Fake news and misinformation are blamed for so many societal ills, right alongside social media platforms that help to spread it far and wide.
Scott Yates and his companion services, JournalList.net and Trust.txt, are looking to help legitimate news sites gain stature and draw more attention than propaganda and lies masquerading as real, trustworthy news organizations.
Trust.txt is a “technical spec, and a technical spec has to be owned and managed by somebody,” Yates explains. Tech specs are typically managed by the platform upon which they appear. “Google has a bunch of stuff they manage themselves. I thought about going to Google with this but knew that if I did, because it’s related to journalism, two things: Journalists wouldn’t trust it because it’s run by Google … and the second part is that Google would manage it for Google’s interests and it wouldn’t be useful to Facebook or Twitter or online advertisers.”
Instead, JournalList.net is the nonprofit that manages the Trust.txt technical spec, which is an extension that any publisher or press association can access and add to their websites, declaring themselves a legitimate news organization with an established history of being a news organization.
Tech specs like this are designed for website crawling robots to find and serve as a verification tool, Yates says. “When a search engine looks at your site, if you have a bunch of temp files, it doesn’t do the search engine any good to look at every single temp file. … If you’re a newspaper or website of a TV or radio station, you’d put up your own Trust.txt file up, (saying) this is who we are, these are the associations we belong to, these are our social channels, this is our official Facebook channel and this is our official YouTube channel. Robots will be able to say ‘Oh, OK, we can trust this site a little more because we see they belong to an association that’s been around a long time.’”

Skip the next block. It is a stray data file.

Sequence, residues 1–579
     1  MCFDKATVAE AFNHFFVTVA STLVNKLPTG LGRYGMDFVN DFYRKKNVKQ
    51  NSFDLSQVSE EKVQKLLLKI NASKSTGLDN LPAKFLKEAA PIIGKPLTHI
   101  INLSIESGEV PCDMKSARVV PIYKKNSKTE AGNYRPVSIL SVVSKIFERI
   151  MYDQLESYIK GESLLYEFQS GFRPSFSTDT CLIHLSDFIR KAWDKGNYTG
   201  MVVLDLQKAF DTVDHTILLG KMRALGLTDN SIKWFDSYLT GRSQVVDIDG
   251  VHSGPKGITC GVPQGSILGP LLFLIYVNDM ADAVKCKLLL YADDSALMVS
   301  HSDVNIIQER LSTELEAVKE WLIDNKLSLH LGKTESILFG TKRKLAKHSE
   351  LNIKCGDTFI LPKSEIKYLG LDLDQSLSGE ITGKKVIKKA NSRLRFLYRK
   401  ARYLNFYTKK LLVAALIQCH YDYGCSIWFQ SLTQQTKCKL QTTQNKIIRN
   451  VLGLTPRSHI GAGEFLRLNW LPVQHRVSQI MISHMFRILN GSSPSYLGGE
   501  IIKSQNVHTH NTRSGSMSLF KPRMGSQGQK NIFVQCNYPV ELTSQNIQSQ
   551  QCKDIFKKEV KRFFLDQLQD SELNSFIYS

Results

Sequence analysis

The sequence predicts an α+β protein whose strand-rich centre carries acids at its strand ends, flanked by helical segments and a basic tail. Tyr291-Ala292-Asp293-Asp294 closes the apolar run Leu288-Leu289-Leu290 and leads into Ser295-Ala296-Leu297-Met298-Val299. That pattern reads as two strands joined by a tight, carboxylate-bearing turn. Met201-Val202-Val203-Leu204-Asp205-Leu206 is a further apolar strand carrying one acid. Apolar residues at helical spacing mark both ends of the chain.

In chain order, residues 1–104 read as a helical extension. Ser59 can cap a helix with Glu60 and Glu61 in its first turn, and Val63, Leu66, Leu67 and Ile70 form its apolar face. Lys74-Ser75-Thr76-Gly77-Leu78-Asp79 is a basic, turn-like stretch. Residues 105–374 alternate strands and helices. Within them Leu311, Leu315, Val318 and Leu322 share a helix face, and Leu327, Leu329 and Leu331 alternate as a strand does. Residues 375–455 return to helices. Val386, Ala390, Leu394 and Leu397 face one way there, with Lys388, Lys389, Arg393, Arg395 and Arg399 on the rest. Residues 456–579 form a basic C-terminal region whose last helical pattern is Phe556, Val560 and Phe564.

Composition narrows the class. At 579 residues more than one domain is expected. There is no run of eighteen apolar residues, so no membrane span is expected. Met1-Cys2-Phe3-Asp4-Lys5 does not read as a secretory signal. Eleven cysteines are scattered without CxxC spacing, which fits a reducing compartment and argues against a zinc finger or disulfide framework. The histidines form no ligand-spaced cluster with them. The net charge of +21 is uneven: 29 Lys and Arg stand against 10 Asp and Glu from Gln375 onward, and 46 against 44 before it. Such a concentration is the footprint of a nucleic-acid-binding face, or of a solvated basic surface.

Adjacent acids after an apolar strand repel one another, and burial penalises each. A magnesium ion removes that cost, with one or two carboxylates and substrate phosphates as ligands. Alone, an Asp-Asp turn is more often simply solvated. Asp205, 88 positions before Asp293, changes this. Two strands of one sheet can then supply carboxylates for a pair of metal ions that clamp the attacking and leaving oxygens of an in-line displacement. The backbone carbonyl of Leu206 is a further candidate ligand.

This takes the pressure and demand off smaller news organizations as well and gives them a little bit of a boost toward catching the attention of search engines, something bigger budget operations like the New York Times and Washington Post can do on their own to help share their content on social media platforms.
But what if an honest-to-goodness fake news site tries to claim an affiliation? What’s to stop them from putting up a Trust.txt file and tricking the bots?
“It’s like going around with a big sign saying ‘I’m a member of the Denver Chamber of Commerce’ and you haven’t paid your dues. At some point, the chamber can say you’re not a member,” Yates says. “This is a way of doing that without the chamber doing anything. The Florida Press Association doesn’t have to say (for example) Russia Today isn’t a member. They just have to say here are our members. Anyone who’s claiming membership that isn’t on the list is faking it. That’s the decentralized way this works. That makes it work for a lot of people. I don’t think anybody should be comfortable with any one organization deciding who is and isn’t trustworthy. It’s all just signals. I want to signal my trustworthiness because I belong to this organization and you can do that, as long as you actually are a member of that association.”
Yates hopes this is a tool that will “take away the one last excuse” Google, Facebook and other platforms have in ignoring or not finding smaller publishers.
“My hope is for a world where the journalists themselves get to decide who is and isn’t in their own associations,” he says. “Some group of publishers come together and make that declaration themselves. Governments and platforms shouldn’t be involved in that.”
Scott Yates is the founder of JournalList.net and Trust.txt, a tool news organizations can use to verify the legitimacy of their content and information. He talks with It’s All Journalism producer Michael O’Connell about how Trust.txt works, why it matters and how newspapers and publishers can join together to fight disinformation.